It has been over a year since COVID-19 has plagued us and until now, we continue to experience nationwide lockdowns brought about by surges due to the new variants. There’s really no one-size-fits-all approach to fighting the disease. Different countries deal with it in their own way, with most countries still on the losing end of the battle.
However, hope is not lost because a few countries have done exceptionally well in taking on the deadly coronavirus. Different methods and approaches have been taken to keep the virus at bay and mitigate its impact on society. Innovations and modern methodologies, such as mobile integrated health services and programs, have been rolled out to help our frontline healthcare workers carry out their duties. Local government units have imposed stricter COVID-response measures to keep the public healthy and safe.
But despite all of our efforts, not all countries are doing well. Here are some nations that have the best COVID-19 responses that we all can learn from:
What they did right: Acted on it early
1 death for every 3,366,140 people
One of the first countries to ever record COVID-positive cases was Taiwan. The Taiwanese government’s immediate response of canceling all flights coming from China, preventing boats and ships from docking, performing mass testing and quarantines, and increasing their production of face masks helped them deal with the plague without having to shut down their economy.
What they did right: Applied learning from recent epidemics
1 reported death for every 55,040 people
In 2014, Liberia was hit hard by the Ebola Virus outbreak. The lessons they learned during that time were swiftly implemented when the coronavirus entered their nation. It was one of the first few countries to conduct airport screenings and adopt other measures such as rapid testing, contact tracing, and quarantine. Their experience with the Ebola Virus allowed them to make comprehensive and effective responses.
What they did right: Leveled the curve swiftly
1 reported death for every 204,360 people
Since New Zealand is a small island off the coast of Australia, it was a lot easier for them to shut their borders and enforce a nationwide travel ban. Because NZ did not have enough resource sources for testing and contact tracing, the government implemented a nationwide lockdown with strict border control to completely eliminate COVID-19. The people willingly cooperated and did their best to comply for they understood that the longer the disease lingers, the more damage it’ll cause to their livelihood and economy.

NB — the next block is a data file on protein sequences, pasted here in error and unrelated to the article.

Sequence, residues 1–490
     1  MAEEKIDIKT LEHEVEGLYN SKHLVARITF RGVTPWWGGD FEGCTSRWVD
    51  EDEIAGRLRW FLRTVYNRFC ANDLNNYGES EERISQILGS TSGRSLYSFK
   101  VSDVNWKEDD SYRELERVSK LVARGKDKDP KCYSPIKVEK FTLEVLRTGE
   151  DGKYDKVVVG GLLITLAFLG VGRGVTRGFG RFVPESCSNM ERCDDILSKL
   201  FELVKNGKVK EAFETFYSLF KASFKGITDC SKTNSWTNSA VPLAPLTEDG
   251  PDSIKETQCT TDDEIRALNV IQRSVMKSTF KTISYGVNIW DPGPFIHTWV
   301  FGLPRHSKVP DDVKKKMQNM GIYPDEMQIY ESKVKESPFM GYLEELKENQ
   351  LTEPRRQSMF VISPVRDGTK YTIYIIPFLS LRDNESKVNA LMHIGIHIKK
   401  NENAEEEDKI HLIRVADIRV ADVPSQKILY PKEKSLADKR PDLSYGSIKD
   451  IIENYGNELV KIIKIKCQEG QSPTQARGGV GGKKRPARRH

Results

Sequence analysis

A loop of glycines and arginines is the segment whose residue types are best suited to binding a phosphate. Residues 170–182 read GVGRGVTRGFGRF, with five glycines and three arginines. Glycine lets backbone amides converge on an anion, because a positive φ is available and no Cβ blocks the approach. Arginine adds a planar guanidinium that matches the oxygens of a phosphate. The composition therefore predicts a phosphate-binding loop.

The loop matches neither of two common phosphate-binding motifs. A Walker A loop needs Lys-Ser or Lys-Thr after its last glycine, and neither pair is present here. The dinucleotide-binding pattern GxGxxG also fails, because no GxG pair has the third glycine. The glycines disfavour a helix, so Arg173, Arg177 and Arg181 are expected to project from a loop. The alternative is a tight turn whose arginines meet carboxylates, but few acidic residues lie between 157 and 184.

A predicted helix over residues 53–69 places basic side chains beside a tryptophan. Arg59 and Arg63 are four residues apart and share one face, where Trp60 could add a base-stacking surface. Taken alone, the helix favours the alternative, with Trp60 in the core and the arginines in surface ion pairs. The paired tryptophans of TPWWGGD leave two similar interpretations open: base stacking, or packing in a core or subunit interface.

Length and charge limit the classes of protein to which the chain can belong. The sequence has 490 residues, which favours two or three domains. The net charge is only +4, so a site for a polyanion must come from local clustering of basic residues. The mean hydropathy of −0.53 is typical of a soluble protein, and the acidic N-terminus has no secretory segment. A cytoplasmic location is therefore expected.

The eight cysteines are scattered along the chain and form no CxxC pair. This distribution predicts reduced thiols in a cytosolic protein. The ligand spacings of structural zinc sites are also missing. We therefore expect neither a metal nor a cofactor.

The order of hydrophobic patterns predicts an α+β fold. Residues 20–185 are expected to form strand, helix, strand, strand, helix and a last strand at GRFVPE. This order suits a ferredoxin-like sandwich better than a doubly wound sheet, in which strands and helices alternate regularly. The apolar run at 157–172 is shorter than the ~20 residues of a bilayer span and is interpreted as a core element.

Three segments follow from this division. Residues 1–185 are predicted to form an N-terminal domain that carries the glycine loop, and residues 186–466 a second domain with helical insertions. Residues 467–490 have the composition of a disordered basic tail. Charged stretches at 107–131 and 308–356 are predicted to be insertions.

What they did right: The only American territory with zero cases
No reported deaths
Perhaps the only American territory that is still free of COVID is American Samoa. While the U.S. has experienced three surges of cases, with a possible fourth if we’re not careful, they have somehow miraculously been untouched by the plague. That’s not to say they didn’t do anything. Their health officials were already on heightened alert because they were coming from a measles outbreak late in 2019. Because of this, the government canceled all incoming flights. As a result, they no longer needed to implement COVID-19 protocols.
What they did right: Aggressive and early testing
1 reported death for every 63,290 people
When news spread that the virus can infect people without manifesting any symptoms, the South Korean government immediately took action. They started to implement widespread and aggressive testing and contact tracing, even going up to two times per capita during the pandemic’s earlier days.
What they did right: Quarantined best
1 reported death for every 54,810 people
Even though Hong Kong is known to be one of the cities with the highest population densities in the world, they were able to minimize their COVID-positive cases and fatalities because of their effective mandatory isolation and quarantine protocols for those who have the disease and the people who came in close contact with them.
What they did right: Public communications
1 reported death for every 10,510 people
If there’s one thing we can learn from the Finnish government, it is their transparency. While some governments were busy playing cover-up, the government of Finland fought the disease by disclosing information and dispelling rumors. They clearly communicated the realities and their plans to the public. This transparency, coupled with the public’s high media literacy that allowed them to filter false information, gave the people greater trust in the government and worked with it to their fullest capacity.
The battle is not yet over for most of us. Until we get to the point where we’re all working together and doing everything we can to keep each other safe like the above-mentioned countries, we will not defeat COVID-19. It takes more than just the government doing its job to get us through this one. We all have a role to play. Stay at home as much as you can. If you need to go out, follow the safety procedures. It’s time we start taking care of each other by being more responsible citizens.